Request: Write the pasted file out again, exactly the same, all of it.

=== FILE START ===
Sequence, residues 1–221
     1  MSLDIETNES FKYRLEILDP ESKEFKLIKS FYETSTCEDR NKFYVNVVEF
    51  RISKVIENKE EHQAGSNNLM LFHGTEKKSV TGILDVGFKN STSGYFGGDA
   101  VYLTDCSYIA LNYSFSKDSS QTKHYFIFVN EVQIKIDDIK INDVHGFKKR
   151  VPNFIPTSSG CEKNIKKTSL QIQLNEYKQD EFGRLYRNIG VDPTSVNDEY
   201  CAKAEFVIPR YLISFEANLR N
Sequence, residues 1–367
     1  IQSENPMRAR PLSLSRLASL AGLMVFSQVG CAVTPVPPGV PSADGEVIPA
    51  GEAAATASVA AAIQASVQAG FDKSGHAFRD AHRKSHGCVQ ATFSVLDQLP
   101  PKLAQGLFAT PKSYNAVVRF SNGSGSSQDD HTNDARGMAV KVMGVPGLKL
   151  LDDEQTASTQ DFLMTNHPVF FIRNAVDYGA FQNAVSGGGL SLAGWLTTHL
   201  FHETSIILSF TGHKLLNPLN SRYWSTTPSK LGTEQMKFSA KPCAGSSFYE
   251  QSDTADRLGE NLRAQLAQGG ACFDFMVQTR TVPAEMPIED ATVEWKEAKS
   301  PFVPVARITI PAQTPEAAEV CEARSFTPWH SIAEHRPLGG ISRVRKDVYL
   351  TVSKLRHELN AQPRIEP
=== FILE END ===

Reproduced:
Sequence, residues 1–221
     1  MSLDIETNES FKYRLEILDP ESKEFKLIKS FYETSTCEDR NKFYVNVVEF
    51  RISKVIENKE EHQAGSNNLM LFHGTEKKSV TGILDVGFKN STSGYFGGDA
   101  VYLTDCSYIA LNYSFSKDSS QTKHYFIFVN EVQIKIDDIK INDVHGFKKR
   151  VPNFIPTSSG CEKNIKKTSL QIQLNEYKQD EFGRLYRNIG VDPTSVNDEY
   201  CAKAEFVIPR YLISFEANLR N
Sequence, residues 1–367
     1  IQSENPMRAR PLSLSRLASL AGLMVFSQVG CAVTPVPPGV PSADGEVIPA
    51  GEAAATASVA AAIQASVQAG FDKSGHAFRD AHRKSHGCVQ ATFSVLDQLP
   101  PKLAQGLFAT PKSYNAVVRF SNGSGSSQDD HTNDARGMAV KVMGVPGLKL
   151  LDDEQTASTQ DFLMTNHPVF FIRNAVDYGA FQNAVSGGGL SLAGWLTTHL
   201  FHETSIILSF TGHKLLNPLN SRYWSTTPSK LGTEQMKFSA KPCAGSSFYE
   251  QSDTADRLGE NLRAQLAQGG ACFDFMVQTR TVPAEMPIED ATVEWKEAKS
   301  PFVPVARITI PAQTPEAAEV CEARSFTPWH SIAEHRPLGG ISRVRKDVYL
   351  TVSKLRHELN AQPRIEP